We’re now back in Daglan after a two-day, one-night trip to the City of Light to see Toronto friends Michael and Anna — Michael having just finished a bicycle tour that shadowed the Tour de France through the Alps (and yes, he climbed both the Col du Galibier and the Alpe d’Huez), and Anna having finished a trip to London. It was a whirlwind trip for us, but even a little time in Paris is a lot better than no time in Paris. Here are some observations and impressions:
The 8th. If you’re looking for the big money among Paris’s 20 arrondissements or districts, you’d be hard pressed to beat the busy, posh 8th. Among other things, it’s home to the Place de la Concorde, the Avenue des Champs-Élysée, and a host of expensive shops and fashion houses, including those along the rue du Faubourg Saint-Honoré. Of the 10 Paris restaurants that have received three stars from Michelin (the most possible), four are in the 8th. Of the 16 restaurants with two Michelin stars, six are in the 8th. And the 8th arrondissement is where we stayed — at Hotel Le A, at 4, rue d’Artois. Just up the street from us, at No. 20, is the double-starred Apicius (more on it later).
The hotel. Our usual hotel-of-choice in Paris is Le Tourville, in the 7th (home to such little known attractions as the Eiffel Tower). But this time we stayed at Hotel Le A in the 8th, because that’s where Michael and Anna had booked. The hotel is small and stylish and comfortable. Among its comforts are three things rarely found in Paris hotels: (1) a bathroom not designed for leprechauns; (2) good lighting; and (3) air conditioning that is easy to operate and actually works. I’d recommend it. So does the 2011 edition of Michelin’s red Guide.
Shopping majesty. We weren’t far from the Champs-Élysées, and this beautiful avenue really is a wonder. This past Sunday, the Tour de France finished there, and the avenue is featured in most tourists’ photo gallery. It’s beautiful and majestic, and a shining example of the power of retail shopping. For starters, here we are approaching the Arc de Triomphe, which anchors one end of the avenue (okay, we weren’t walking in the street — I got off the sidewalk just to take this photo).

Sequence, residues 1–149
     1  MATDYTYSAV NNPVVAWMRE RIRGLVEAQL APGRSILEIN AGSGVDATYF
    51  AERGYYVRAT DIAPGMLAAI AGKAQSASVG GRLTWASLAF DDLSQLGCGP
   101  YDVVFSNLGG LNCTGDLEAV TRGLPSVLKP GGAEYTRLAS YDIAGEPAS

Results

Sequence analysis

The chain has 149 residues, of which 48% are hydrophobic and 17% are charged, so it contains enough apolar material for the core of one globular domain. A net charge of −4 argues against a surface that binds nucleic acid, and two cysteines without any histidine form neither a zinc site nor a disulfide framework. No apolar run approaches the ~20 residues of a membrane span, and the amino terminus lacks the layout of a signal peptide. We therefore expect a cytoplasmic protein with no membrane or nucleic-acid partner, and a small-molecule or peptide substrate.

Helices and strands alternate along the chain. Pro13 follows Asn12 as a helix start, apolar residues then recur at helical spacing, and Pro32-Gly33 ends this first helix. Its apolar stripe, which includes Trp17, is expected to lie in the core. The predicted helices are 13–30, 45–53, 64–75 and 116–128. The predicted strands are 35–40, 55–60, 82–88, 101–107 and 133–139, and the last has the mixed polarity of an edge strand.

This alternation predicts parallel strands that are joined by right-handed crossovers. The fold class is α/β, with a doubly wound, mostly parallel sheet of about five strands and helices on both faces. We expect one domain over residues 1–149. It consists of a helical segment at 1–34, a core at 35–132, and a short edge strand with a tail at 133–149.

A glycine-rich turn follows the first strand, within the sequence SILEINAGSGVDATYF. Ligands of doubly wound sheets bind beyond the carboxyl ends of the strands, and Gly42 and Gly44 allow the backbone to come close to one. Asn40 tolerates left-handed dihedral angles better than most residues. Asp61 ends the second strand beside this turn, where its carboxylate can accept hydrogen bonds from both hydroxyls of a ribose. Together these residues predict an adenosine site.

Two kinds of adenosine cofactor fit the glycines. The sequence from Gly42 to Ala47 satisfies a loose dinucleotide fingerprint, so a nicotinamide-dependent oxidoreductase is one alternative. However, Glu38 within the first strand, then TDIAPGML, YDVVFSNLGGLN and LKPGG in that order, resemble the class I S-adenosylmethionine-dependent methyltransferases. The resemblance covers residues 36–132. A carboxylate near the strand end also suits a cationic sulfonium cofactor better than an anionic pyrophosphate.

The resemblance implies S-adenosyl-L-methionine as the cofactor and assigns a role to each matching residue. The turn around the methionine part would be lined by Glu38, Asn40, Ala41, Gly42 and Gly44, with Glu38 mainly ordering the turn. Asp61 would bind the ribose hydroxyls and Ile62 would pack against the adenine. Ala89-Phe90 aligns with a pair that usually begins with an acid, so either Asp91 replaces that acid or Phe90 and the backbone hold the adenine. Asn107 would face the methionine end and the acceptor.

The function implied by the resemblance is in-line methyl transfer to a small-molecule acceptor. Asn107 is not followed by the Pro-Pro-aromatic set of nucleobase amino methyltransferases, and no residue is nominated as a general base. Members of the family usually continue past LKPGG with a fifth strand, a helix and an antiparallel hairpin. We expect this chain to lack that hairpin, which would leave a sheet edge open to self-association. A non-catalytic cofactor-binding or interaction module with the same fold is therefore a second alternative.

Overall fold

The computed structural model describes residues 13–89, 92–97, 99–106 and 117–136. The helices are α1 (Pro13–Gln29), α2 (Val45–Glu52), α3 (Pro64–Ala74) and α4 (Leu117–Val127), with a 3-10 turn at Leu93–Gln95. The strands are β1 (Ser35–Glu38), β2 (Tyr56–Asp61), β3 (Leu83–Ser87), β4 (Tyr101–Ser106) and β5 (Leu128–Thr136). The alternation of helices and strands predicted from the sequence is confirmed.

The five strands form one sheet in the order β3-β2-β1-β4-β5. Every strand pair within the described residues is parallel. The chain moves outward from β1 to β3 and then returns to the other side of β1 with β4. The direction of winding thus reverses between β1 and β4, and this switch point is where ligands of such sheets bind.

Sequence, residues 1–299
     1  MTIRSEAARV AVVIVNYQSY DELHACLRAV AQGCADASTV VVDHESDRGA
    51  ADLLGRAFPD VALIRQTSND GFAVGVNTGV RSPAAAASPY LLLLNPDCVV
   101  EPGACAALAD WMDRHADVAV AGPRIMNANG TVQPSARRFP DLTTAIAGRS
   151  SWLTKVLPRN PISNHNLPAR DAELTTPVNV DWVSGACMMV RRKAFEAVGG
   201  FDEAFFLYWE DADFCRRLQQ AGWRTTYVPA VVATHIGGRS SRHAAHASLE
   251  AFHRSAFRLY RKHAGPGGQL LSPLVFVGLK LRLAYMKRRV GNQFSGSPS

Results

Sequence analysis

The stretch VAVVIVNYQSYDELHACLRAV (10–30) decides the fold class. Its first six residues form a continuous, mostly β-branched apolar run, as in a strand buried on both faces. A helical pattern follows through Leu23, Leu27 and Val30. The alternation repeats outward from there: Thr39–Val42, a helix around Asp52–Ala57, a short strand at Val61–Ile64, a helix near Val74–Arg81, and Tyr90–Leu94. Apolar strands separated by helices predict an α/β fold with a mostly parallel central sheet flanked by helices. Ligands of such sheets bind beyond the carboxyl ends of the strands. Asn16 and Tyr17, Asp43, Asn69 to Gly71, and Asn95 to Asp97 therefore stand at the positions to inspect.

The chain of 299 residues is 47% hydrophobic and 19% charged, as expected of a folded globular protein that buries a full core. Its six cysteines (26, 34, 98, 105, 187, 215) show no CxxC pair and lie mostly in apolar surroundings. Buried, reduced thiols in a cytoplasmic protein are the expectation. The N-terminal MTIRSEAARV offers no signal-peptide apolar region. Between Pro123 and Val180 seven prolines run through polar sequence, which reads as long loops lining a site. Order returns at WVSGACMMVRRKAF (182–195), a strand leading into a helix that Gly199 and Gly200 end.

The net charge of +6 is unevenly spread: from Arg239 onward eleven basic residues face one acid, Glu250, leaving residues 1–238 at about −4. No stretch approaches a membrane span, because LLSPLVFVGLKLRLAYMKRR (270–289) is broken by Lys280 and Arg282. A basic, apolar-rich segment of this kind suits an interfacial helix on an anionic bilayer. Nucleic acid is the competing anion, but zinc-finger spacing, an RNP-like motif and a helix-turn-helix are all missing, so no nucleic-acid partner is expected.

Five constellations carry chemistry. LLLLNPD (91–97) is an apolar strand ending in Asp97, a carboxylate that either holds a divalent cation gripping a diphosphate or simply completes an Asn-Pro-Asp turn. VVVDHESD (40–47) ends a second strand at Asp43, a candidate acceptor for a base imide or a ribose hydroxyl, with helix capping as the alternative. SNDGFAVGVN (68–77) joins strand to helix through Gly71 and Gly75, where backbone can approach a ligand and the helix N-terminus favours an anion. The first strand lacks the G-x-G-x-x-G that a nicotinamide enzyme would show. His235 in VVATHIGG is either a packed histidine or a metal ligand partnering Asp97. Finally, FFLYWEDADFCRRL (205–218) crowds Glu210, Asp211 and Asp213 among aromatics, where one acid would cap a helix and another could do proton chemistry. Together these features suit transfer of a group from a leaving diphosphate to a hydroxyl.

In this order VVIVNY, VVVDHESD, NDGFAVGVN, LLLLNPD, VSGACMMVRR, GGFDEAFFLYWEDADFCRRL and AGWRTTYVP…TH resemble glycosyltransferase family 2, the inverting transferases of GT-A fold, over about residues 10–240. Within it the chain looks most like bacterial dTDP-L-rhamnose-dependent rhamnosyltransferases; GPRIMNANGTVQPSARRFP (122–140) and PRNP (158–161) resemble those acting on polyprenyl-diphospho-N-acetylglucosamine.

The power of luxury goods. The world’s economy may not be in the rosiest shape, but the luxury goods business hasn’t dried up. And there are tons of luxury goods on offer along the avenue, or on its side streets — many of which are pretty grand in their own right. Here’s a look at the massive Louis Vuitton flagship store, for example:
The bucks of Starbucks. Here’s one sight that amused me: It’s the entrance to the Arcades des Champs Élysées, which evidently contains 40 shops. Now look at the Starbucks sign that gets the top billing. Wonder how much they paid for that positioning?
Our favourite kind of shopping. Off the Champs-Élysée, at 13, rue Washington, we came across a small but very well-stocked wine store, a part of the Nicolas chain, and were able to find a bottle of Aperol, the wonderful Italian apéritif that makes a lovely cocktail called the Aperol Spritz when mixed with Prosecco. (For more on this great summer cocktail, see my post on May 11 called “The place for Italian food — in Prague.”) Here’s the shop:
The restaurants. With six two-star restaurants in the 8th arrondissement from which to choose, we ate at one, and stayed near another. Where we had dinner on Tuesday night with Michael and Anna was Taillevent — a Parisian classic. Here’s the entrance: